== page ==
"One man with a gun can control one hundred without one."
In the aforementioned France, in 1789, the aristocracy was overthrown by a relatively small number of revolutionaries and, again, the victors had no real experience in running a country. Enter Maximilien Robespierre, a lawyer with a flair for control and a contempt for the hoi polloi. However, he was good at rhetoric, and the people cheered as he lopped off heads. This, in spite of the fact that he most certainly did not deliver "freedom" to the French people, only the illusion of it. As he himself stated,
"The secret of freedom lies in educating people, whereas the secret of tyranny is in keeping them ignorant."
Meet the New Boss â Same as the Old Boss
And so it has gone, in one revolution after another. Whether it be a soft revolution, or a violent one, it's generally followed by a disorganised and often violent period, where commerce, social stability and freedom suffer, at the very least, for as long as it takes the new management to pull it all together, and, in most cases, long thereafter. From Juan Peron in Argentina, The Shah in Iran, Hugo Chavez in Venezuela, and countless others, revolution has meant diminished liberty and hard economic times.
Meet the New Boss â Worse Than the Old Boss
In some cases, such as Mao Zedong in China, Idi Amin Dada in Uganda and Pol Pot in Cambodia, conditions worsened considerably after the revolution had "freed the people," sometimes for decades.
It should be said that there have been a few cases of both soft and violent revolutions in which the new leaders were truly visionary and ushered in an era of greater freedom, such as the American revolution of 1776, Corazon Aquino in the Philippines and Nelson Mandela in South Africa. Yet, even in these cases, the rot set in almost immediately through individuals within the new governments who sought to re-create authoritarian power within an otherwise positive takeover.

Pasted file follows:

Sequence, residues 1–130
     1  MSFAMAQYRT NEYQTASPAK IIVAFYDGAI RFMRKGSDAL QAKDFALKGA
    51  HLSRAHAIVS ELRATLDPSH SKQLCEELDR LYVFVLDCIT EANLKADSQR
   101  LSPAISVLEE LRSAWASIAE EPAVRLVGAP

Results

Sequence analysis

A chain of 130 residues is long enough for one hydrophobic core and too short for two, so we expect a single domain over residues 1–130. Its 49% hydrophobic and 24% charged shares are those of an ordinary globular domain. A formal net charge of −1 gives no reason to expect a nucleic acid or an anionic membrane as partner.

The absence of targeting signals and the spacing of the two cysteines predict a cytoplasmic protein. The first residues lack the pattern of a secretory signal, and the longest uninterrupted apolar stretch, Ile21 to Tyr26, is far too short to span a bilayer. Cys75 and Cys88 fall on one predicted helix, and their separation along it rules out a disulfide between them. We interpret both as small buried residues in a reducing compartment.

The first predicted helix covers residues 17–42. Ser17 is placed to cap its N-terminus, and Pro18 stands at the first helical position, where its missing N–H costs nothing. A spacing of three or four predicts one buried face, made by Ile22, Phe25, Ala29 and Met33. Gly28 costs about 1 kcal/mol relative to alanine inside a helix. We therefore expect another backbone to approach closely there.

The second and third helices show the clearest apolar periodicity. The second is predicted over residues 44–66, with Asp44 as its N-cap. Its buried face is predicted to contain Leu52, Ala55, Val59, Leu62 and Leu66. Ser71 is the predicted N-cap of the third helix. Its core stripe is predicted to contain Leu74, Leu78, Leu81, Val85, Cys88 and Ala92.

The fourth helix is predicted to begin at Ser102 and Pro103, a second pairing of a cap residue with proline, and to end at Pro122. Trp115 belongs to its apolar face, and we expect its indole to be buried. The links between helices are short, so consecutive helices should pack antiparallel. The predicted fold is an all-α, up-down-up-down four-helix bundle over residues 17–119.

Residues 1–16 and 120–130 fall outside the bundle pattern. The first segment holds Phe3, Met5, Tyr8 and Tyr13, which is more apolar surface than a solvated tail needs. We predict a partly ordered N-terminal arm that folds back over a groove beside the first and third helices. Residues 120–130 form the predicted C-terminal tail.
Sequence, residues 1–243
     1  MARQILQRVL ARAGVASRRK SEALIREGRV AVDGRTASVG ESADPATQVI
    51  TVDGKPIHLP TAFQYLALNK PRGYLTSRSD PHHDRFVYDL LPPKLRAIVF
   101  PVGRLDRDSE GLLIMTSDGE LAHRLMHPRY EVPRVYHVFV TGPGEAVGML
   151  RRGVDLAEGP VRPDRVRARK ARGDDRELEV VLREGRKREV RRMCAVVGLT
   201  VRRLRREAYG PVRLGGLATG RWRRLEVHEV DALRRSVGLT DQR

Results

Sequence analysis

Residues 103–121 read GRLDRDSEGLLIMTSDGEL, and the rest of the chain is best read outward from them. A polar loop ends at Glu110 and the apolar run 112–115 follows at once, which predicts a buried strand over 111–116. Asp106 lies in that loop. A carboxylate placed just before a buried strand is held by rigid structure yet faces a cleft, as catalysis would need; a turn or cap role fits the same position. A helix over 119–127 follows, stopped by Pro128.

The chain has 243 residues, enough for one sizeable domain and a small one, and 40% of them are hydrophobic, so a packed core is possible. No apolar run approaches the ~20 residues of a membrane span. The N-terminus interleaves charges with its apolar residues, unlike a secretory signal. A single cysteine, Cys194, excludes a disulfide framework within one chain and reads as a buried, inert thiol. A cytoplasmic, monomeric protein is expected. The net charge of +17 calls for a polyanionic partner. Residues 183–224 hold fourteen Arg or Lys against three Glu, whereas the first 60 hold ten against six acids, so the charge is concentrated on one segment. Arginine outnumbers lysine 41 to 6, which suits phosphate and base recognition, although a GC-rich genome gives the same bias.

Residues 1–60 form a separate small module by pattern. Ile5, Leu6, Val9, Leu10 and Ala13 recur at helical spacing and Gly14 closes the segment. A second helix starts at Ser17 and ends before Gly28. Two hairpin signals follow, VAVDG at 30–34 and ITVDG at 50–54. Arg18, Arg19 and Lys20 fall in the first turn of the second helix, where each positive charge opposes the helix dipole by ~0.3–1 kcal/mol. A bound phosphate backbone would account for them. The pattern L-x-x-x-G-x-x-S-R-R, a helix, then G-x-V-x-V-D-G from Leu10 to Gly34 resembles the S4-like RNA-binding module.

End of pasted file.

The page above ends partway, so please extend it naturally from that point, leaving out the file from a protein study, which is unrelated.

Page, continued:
Be Careful What You Wish For
The American revolution notwithstanding, violent revolution almost never ends well. The odds are poor that you'll get a more just leader or the greater freedoms that the revolutionaries have promised.
Today, we're observing the deterioration of the world's most prominent capitalistic countries, all at the same time. Each has devolved into a fascist state. Again, to quote Mister Lenin,
"Fascism is capitalism in decline."
Quite so. And, like many Russians in the early days of the twentieth century, we see an increasing number of citizens of the former "free world" realising that the decline of their countries is baked in the cake; that things are not likely to improve in their lifetimes.
And so, many fantasise that a revolution of some sort will occur. They hope for a soft revolution (virtually no chance of that happening), or a violent one â possibly generated by the millions of gun-owners across the country. Unfortunately, no amount of handguns and assault weapons will equal their government's arsenal of tanks, drones, chemical weapons, etc. A revolt could occur and spontaneous nationwide guerrilla tactics could make it difficult to put down, but the likely outcome would be years of strife and bloodshed, followed by dramatically-increased authoritarian rule.
A third option might be to accept that, yes, the decline into fascism is a dead end, but then, so, in all likelihood, is revolution. That being the case, those who see two possible negative outcomes and no positive one, might take the simpler step of internationalising - moving to one of the many countries that are not presently on the ropes.